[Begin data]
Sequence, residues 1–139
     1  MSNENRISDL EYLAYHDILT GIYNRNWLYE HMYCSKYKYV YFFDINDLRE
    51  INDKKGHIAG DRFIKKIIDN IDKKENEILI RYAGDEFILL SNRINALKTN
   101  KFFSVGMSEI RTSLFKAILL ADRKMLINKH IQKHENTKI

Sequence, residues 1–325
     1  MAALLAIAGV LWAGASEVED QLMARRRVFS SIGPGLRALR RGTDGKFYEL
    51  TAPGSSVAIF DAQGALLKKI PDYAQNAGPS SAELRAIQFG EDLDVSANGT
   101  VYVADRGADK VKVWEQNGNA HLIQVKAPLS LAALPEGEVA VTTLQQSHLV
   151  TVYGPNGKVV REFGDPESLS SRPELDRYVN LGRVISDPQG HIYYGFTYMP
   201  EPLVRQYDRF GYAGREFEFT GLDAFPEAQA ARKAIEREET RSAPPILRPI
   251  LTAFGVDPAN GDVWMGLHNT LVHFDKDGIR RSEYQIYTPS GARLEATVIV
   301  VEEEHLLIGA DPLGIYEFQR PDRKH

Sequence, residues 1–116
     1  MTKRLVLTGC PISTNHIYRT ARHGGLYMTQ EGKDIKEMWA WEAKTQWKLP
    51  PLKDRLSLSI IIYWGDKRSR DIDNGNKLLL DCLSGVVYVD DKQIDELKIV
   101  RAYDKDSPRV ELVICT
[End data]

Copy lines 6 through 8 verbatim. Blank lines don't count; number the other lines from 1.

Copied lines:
     1  MAALLAIAGV LWAGASEVED QLMARRRVFS SIGPGLRALR RGTDGKFYEL
    51  TAPGSSVAIF DAQGALLKKI PDYAQNAGPS SAELRAIQFG EDLDVSANGT
   101  VYVADRGADK VKVWEQNGNA HLIQVKAPLS LAALPEGEVA VTTLQQSHLV